If you’re headed to worship, work or play on Super Bowl Sunday, don’t count on taking a light-rail train to get there.

Blue Line trains between Mall of America and downtown Minneapolis will be restricted to those with tickets to the game at U.S. Bank Stadium and a $30 light-rail “game-day pass.”

Green Line trains will run normally between Union Depot in St. Paul and Stadium Village in Minneapolis. West of Stadium Village, trains will carry only ticket holders to the stadium, and beyond.

Ticket holders and the trains will undergo security screenings at Mall of America and a Stadium Village checkpoint. Train riders will go without stopping to the football stadium and enter there without further screening.

Metro Transit will operate buses every 10 to 15 minutes along the light-rail lines for everybody else but will not stop in the secure perimeter, about five blocks around the stadium. Specific information on where the stops will be available on the Metro Transit website. The agency will have “ambassadors” at many stops to steer riders in the right direction, said spokesman Howie Padilla.

Metro Transit also is building 35 more bus shelters on the routes because, well, winter.

The changes will be in effect all day and most of the evening of Feb. 4. After the game, as fans disperse and downtown Minneapolis starts to clear out, light-rail service will resume for all. Replacement buses will continue to run, Padilla said. .

Metro Transit said the move is all about security.

“The safety of our customers, staff and fans drives everything we do,” Metro Transit said on its Facebook page. “As security needs related to the Super Bowl became apparent during planning, we decided to provide people without Super Bowl tickets a way to complete their trips without being delayed by security measures.”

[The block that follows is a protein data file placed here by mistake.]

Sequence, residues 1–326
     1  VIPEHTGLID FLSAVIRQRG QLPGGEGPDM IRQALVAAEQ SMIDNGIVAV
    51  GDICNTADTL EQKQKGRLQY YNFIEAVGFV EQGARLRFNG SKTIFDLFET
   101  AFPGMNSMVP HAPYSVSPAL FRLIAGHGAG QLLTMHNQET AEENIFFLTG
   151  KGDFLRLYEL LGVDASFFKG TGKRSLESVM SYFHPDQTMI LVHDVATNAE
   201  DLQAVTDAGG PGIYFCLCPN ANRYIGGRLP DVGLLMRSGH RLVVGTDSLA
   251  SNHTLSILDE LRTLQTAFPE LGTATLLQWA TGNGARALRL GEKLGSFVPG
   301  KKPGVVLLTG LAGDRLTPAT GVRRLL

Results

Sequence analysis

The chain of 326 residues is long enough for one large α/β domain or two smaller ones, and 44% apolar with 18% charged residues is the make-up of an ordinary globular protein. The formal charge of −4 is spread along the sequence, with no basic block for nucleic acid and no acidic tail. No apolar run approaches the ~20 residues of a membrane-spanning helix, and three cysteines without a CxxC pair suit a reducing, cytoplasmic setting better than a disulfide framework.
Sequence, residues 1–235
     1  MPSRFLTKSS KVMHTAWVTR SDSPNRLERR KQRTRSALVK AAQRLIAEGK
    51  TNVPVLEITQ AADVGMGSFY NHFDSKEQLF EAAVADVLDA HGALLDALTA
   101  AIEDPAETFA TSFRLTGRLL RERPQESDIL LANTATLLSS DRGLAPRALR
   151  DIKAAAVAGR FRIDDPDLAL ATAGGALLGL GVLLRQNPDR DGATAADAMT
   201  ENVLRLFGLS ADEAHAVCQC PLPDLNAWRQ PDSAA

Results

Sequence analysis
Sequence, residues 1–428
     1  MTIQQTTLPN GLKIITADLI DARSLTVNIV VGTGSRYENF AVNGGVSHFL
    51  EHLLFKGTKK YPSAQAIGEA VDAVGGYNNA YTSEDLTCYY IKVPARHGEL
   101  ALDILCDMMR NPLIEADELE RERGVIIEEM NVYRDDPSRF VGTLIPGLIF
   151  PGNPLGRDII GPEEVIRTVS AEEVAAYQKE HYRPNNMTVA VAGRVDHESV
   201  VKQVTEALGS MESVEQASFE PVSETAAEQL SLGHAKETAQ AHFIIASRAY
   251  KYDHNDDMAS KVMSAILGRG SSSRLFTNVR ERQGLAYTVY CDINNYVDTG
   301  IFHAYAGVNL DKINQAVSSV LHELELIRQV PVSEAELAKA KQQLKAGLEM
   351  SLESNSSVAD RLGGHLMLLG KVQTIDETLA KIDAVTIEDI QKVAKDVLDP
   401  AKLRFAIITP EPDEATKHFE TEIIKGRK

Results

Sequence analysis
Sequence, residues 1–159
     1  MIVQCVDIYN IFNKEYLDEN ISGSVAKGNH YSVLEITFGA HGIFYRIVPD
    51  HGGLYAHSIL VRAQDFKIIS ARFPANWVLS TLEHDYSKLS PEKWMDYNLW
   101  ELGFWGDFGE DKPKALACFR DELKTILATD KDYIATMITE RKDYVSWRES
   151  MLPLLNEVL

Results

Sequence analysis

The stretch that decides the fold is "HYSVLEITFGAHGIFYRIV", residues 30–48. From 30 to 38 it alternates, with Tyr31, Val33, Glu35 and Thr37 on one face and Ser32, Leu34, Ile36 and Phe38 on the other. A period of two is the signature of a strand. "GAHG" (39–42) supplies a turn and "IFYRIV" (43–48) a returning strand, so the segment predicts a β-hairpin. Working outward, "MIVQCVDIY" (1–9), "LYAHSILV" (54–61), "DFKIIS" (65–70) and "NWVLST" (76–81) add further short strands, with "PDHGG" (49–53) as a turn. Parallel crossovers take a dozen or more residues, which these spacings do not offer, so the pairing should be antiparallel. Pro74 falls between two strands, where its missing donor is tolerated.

Some riders weren’t buying it, though.

“Why not the other way around?” one woman commented on the Facebook thread. “Instead of inconveniencing regular riders with slower buses, have all the rich football fans take buses and let us take the train like usual, just w/o stopping at the stadium?”

Another woman posted, “Call this what it is: preferential treatment for the elite and a disregard for the residents who pay for this service daily and took a recent fare increase. Call Metro Transit, call the Mayor call your City Council member!”

Padilla said it’s not unusual to use buses to replace light-rail trains in some instances, such as when there’s construction or an accident on the tracks.

Both the Green and Blue lines stop in front of the stadium. That stop is within the secure perimeter and on Super Bowl Sunday, stadium security is exponentially more intense than it is at regular NFL games because of the global profile of the game.

Super Bowl Host Committee Vice President Kyle Chank said ticket holders will be encouraged to board light-rail trains rather than driving into downtown Minneapolis.

The Super Bowl Host Committee hopes that 20,000 of the 65,000 people who will attend the game will opt to use transit, helping to shorten security lines at the stadium.

Host Committee spokeswoman Andrea Mokros said planners worked hard to minimize the inconvenience to the entire community while organizing a safe and secure 10-day event. “We will continue to communicate these impacts early and often, and will keep our focus on ensuring residents and visitors alike can get where they need to go, including via public transit,” she said in a statement.

The buses will run before, during and after the game until the light-rail trains are back on their regular schedules. The game starts at roughly 5:30 p.m. and takes at least three hours — not including extended postgame ceremonies.